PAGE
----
From New Jersey Newsroom:
Your property taxes were even worse than you thought last year. New Jersey’s taxpayers paid out nearly $1 billion more on their bills in 2010.
The old 4 percent tax hikes raised the average property tax bill in the state by $295 to $7,576.
According to NorthJersey.com, in North Jersey, property tax bills went up on average even more in 2010; to $10,057 in Bergen County, and $8,459 in Passaic County.
The Asbury Park Press reports it is the largest increase since 2007, when taxes spiked 7.3 percent.
The state’s 566 municipal governments saw the sharpest tax increase at 7.1 percent – the same towns that are now facing a 2 percent cap on their taxes this year. School taxes rose 3.3 percent and county taxes rose 1.5 percent last year.
New Jersey Governor Chris Christie last year signed a measure capping growth in the taxes as of Jan. 1 at 2 percent unless local governments ask voters for permission for a bigger increase. The law also exempted higher levies to cover bond payments, increased health-insurance or pension costs and natural disasters.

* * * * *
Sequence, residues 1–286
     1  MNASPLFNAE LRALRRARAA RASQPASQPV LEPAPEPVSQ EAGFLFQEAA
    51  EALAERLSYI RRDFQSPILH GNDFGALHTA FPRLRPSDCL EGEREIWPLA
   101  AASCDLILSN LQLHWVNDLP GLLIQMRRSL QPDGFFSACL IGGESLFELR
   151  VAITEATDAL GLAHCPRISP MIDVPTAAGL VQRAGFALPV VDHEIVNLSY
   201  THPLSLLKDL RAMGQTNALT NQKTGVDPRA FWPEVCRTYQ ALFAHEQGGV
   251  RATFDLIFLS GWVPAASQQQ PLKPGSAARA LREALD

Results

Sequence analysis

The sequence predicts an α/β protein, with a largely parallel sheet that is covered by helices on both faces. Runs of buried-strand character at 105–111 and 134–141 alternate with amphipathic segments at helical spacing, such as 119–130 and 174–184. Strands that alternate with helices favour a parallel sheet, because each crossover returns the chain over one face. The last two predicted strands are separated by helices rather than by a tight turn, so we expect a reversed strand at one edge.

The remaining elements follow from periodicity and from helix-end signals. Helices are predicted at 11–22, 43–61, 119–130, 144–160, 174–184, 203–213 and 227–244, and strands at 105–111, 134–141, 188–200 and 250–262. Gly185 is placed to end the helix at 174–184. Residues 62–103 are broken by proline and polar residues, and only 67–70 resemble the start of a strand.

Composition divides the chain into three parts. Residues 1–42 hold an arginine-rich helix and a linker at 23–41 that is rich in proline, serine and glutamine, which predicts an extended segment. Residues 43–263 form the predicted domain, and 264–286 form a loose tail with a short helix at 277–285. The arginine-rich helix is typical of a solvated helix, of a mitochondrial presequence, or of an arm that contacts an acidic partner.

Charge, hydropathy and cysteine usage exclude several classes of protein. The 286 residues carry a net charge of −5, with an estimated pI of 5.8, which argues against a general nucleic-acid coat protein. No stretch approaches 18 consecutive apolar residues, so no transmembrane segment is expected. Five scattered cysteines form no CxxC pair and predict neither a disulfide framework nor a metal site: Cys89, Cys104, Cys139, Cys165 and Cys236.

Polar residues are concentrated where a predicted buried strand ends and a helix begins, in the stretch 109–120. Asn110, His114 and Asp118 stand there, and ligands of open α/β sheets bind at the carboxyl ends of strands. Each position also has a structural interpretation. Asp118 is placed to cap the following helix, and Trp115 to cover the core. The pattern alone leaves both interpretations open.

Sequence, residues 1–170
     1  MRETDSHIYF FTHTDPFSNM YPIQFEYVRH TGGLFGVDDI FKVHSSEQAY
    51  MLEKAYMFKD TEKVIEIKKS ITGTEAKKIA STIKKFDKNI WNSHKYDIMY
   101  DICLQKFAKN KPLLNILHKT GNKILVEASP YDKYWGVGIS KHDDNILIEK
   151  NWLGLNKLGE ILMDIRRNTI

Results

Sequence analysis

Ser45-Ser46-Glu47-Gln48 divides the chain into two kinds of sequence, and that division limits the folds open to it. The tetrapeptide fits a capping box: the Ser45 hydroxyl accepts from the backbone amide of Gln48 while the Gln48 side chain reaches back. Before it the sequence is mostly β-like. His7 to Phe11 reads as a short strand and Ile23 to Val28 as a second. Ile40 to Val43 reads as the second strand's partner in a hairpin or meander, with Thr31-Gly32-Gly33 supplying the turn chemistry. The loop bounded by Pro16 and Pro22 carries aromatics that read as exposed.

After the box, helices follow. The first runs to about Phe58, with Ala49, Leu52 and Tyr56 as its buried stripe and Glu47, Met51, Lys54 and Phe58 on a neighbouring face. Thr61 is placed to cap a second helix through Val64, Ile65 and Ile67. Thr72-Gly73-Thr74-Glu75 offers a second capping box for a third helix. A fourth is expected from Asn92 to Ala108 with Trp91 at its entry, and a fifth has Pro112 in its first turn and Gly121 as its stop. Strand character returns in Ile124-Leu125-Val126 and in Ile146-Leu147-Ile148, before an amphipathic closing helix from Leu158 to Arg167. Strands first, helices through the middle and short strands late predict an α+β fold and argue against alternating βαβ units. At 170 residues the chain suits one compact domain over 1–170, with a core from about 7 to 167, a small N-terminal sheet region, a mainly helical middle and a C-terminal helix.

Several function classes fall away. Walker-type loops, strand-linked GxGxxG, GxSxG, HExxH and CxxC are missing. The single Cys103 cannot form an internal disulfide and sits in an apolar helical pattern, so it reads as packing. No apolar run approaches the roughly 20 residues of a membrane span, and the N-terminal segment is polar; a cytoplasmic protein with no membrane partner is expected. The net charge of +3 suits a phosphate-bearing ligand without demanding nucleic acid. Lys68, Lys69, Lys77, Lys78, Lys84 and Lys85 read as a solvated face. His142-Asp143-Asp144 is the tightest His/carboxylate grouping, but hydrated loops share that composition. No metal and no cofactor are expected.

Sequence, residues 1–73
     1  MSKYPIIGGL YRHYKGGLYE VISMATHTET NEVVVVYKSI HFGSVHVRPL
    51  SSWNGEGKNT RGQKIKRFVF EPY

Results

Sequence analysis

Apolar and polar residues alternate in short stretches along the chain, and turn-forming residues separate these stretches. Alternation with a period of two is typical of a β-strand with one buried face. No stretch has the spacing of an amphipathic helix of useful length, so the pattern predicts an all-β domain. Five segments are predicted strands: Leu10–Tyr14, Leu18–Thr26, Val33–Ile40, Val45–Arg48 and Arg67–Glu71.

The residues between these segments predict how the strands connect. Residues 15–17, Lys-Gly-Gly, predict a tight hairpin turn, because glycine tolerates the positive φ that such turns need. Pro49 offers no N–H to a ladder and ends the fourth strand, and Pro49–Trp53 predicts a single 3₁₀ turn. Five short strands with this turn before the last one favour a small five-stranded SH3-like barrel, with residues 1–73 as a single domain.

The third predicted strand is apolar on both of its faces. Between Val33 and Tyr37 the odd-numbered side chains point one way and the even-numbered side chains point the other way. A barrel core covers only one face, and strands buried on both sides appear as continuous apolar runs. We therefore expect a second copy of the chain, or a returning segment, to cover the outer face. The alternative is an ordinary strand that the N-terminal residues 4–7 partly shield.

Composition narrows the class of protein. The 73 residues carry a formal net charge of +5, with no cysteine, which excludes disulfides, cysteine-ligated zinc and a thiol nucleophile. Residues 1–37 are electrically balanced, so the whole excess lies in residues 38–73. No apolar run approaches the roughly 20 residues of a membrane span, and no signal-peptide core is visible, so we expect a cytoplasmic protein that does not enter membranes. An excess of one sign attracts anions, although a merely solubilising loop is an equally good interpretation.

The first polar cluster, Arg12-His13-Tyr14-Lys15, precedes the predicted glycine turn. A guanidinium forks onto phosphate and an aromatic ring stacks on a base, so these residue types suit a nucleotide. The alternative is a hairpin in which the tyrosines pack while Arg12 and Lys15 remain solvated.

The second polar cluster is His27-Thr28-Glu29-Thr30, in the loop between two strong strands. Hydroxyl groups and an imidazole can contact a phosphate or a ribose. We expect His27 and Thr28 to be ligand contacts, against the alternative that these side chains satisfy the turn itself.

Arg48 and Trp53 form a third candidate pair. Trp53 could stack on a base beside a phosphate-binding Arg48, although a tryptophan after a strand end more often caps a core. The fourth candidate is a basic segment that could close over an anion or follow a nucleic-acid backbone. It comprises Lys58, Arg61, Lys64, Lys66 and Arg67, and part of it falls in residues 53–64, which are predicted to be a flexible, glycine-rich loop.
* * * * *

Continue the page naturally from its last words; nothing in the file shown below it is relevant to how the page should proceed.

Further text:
Already at least 12 New Jersey communities want to exceed his 2 percent cap, reported Bloomberg.com, less than three months after it took effect.
The communities placed advertisements in newspapers alerting voters to referendums in April, Bill Dressel, executive director of the New Jersey League of Municipalities said yesterday in an e-mail. Towns readying for the referendums included Brick and Edgewater Park, he said.
Towns scheduled to hold referendums, according to the League of Municipalities are Brick, Edgewater Park, Florence, Hardwick, Hope Township, Lambertville, Plumsted, Mansfield, Maurice River, Mount Holly, Mount Laurel, and Northvale.